West Yorkshire market town of Pontefract
Pontefract Memories and Recollections



The two letters appearing in your April edition of the Pontefract Digest magazine, referring to the Cranky Pin and Growing up in Grovetown, were of particular interest to me for I was born in Grovetown back in 1940, actually number 13 Oak Street, where I was to live for the next seven years.

At that time there was already an older brother Roy, and an elder sister Eileen. Another brother, Alan, appeared a little later on. My Dad rented an allotment on the 'Cranky Pin' site in the years following World War Two and so no doubt the remnants of pig sties recalled by Dave Barry, would undoubtedly, also be amongst the ones used by my Dad and my Uncle ‘Kitch’ (Jim), both now passed on. Apart from the usual vegetables, rows of Sweet William's and Pyrethrum's were a feature of the plot. These were gathered by us kids and were exchanged for discarded foodstuff and peelings from local households in an attempt to bolster to the ravenous appetites within the sty enclosure. Fair exchange is no robbery!

I can recall now the aroma from the boiling waste vegetables, simmering away in the coal fired brick-built boiler alongside the sty and the way our old, seemingly to us already overweight ‘Daisy’, would impatiently pace up and down up to the very moment her meal was finally bucketed out of the boiler and into her trough along with a few lumps of coal for good measure – vitamin supplements are nothing new!

Very vivid memories came flooding back of those early years on the allotment with the family, and the happy, contented days we spent there. Of course, the sun always shone in those days. It only rained overnight, when it would be more beneficial to the seedlings, whilst the only air movement comprised of a warm balmy breeze, it’s sole purpose being to waft sweet scents our way from the nearby Ewbanks Eagle Liquorice Works.

Hens were also kept on our plot along with the proud and beautifully coloured cockerel who’s crowing we could hear from the house on early mornings. I regret I cannot recall Gerald Barry on the site but in all fairness we were but bairn's at the time, but one character who does spring to mind was a then elderly gentleman named Harry Potts who I believe lived on Friarwood Lane. Harry, Mr. Potts to us, was seemingly the allotment Patriarch, possibly the secretary, to whom everyone went for help and guidance when it came to allotment matters but, however stern his appearance may have been, he was always willing to impart his overwhelming and diverse knowledge of horticulture to all and sundry. No secrets were held back by Harry. I could do with him around now as I struggle with my vegetable patch even after all these years!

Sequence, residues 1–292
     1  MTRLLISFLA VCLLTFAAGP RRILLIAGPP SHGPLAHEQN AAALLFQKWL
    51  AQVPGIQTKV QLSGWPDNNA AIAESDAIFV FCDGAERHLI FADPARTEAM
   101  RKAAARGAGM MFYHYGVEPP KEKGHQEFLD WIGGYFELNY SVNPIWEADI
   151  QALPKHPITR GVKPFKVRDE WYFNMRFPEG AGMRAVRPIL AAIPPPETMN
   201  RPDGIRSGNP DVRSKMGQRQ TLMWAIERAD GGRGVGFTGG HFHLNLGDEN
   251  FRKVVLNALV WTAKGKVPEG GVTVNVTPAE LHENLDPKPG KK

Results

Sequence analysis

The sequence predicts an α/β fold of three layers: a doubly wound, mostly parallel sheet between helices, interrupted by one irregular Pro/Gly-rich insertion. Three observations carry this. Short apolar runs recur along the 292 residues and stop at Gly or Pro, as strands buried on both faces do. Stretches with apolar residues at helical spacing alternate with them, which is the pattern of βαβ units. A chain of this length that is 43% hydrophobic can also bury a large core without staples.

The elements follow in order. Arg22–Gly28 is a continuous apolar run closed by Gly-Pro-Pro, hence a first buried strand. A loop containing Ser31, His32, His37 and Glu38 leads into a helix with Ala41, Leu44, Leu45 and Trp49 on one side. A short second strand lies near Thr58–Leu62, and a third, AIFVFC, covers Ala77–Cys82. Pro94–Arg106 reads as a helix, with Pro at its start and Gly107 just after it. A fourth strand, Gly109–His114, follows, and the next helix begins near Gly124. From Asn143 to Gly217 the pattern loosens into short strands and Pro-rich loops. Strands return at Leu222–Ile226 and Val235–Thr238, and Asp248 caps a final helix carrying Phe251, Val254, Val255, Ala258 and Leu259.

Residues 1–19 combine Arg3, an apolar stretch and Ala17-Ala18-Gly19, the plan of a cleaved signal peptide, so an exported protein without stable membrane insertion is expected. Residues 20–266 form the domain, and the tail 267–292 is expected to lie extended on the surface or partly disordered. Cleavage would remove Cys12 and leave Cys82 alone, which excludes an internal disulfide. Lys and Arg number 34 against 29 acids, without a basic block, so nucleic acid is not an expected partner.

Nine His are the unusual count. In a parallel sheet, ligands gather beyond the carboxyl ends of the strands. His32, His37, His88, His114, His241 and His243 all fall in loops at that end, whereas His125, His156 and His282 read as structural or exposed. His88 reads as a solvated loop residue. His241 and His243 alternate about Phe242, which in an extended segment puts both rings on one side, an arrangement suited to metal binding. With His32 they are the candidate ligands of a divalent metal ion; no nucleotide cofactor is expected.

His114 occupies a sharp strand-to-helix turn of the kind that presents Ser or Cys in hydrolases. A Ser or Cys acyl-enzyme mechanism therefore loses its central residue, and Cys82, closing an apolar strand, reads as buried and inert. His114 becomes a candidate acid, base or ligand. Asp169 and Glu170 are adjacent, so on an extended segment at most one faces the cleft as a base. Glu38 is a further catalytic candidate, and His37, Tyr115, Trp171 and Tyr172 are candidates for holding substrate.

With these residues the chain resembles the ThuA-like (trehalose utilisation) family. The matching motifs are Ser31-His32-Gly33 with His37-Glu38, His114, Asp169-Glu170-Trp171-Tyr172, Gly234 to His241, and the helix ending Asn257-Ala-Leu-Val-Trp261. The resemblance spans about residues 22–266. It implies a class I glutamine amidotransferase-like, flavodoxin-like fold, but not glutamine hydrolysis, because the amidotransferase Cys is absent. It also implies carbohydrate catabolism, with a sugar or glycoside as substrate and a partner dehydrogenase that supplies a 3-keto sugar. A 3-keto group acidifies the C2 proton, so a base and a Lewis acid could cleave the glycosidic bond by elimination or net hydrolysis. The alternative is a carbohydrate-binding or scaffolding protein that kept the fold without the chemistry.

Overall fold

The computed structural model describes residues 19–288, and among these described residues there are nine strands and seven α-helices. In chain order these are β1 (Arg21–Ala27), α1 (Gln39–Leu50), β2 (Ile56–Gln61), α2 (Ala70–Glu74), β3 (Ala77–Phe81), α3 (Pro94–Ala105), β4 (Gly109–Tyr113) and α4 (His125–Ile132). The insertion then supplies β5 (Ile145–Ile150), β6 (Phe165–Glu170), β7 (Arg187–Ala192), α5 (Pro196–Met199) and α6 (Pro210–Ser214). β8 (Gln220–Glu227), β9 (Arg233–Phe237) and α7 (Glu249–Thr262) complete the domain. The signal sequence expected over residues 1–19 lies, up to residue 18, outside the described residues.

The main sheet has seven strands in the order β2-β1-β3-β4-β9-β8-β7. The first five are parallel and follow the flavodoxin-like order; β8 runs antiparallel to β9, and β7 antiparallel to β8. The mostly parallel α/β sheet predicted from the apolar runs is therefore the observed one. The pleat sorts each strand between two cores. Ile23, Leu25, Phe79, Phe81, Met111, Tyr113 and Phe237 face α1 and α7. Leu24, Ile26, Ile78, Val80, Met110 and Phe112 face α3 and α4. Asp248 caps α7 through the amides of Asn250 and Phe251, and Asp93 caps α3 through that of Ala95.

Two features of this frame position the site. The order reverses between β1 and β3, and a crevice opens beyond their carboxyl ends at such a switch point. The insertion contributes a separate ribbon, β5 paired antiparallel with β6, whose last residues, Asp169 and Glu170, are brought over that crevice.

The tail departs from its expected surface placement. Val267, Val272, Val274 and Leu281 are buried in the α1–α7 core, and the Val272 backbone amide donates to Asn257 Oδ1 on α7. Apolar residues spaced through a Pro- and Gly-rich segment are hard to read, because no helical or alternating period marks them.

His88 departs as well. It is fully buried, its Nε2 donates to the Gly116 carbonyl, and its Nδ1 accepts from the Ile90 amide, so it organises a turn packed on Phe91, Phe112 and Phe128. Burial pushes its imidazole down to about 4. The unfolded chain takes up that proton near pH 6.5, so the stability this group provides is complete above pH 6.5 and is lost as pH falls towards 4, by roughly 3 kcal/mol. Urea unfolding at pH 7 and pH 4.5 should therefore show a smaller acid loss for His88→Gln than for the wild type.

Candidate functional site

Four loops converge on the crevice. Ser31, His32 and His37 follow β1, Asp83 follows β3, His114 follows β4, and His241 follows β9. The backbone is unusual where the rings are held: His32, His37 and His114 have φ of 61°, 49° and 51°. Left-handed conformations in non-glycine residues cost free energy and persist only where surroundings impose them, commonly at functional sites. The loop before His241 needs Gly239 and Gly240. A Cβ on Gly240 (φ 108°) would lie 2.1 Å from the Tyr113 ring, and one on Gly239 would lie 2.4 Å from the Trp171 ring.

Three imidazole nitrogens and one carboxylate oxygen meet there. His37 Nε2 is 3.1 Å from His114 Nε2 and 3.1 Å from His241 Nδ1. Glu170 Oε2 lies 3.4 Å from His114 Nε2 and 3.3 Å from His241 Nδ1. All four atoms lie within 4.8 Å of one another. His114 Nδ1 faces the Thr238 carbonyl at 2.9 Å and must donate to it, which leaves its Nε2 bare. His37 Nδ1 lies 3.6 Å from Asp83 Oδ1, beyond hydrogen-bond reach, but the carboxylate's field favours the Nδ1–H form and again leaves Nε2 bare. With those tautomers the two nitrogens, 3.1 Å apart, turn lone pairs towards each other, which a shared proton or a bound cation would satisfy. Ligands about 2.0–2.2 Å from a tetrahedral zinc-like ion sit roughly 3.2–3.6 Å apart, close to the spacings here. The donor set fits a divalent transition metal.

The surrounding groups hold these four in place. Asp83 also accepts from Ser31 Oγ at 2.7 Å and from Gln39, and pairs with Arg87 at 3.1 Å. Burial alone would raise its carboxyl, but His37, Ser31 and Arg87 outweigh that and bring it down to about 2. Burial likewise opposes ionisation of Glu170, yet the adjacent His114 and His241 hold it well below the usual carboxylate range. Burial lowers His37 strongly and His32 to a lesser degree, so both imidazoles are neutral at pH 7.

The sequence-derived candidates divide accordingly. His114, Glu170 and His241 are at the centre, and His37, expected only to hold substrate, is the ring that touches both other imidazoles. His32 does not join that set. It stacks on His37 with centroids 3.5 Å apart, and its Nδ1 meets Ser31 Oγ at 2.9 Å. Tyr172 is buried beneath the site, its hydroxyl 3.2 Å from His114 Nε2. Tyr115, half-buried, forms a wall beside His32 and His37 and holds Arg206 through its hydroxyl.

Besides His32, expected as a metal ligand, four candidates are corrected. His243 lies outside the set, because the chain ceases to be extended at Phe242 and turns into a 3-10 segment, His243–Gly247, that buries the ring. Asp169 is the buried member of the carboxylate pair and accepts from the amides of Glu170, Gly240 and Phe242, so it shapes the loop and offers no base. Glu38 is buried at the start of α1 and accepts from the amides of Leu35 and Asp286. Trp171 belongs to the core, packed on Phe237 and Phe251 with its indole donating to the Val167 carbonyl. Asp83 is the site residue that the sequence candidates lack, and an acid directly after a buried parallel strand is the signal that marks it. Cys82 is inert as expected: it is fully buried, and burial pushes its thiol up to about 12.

Another sentinel who forever stood watch over us while we were on the site was the faithful tower of St. Giles church, the quarterly chimes from which kept us tuned into the other world beyond Friarwood orchards. There was not the vast conglomeration of hospital buildings then so the tower was always in view and its clock face truly in focus – not that time mattered to us as kids but for my mother the later Sunday morning peal of its ten bells accompanied by those of All Saint’s meant it was time to gather some fresh vegetables and head home to prepare Sunday dinner ahead of her own hungry brood who would not be too far behind her.

Lunchtime was not part of the working class scene then. Midday was most decidedly ‘dinnertime’, especially Sunday dinnertime when we would start off with a Yorkshire Pudding filled with gravy followed rapidly by a plate full of whatever meat was available and vegetables accompanied with roast spuds ending with rhubarb crumble and custard. No wonder we were close behind! Needless to say there was a much needed scrub-up after our allotment capers but not too much as mother's always pointed out in those days that "You have to eat a little bit of muck in your life." In their own sweet ignorance was this a way of unwittingly boosting our immune system in the days before mass consumption of antibiotics?

Grovetown was separated from the allotments by a field (now occupied by Ashleigh Avenue) and the railway line. The field was used as grazing land for three or four horses and was fenced off from the front street of Grovetown – Oak Street – with a palisade of redundant railway sleepers set up on end and giving off that curiously attractive aroma of old creosote when warmed by the sun. There is nothing new about aromatherapy!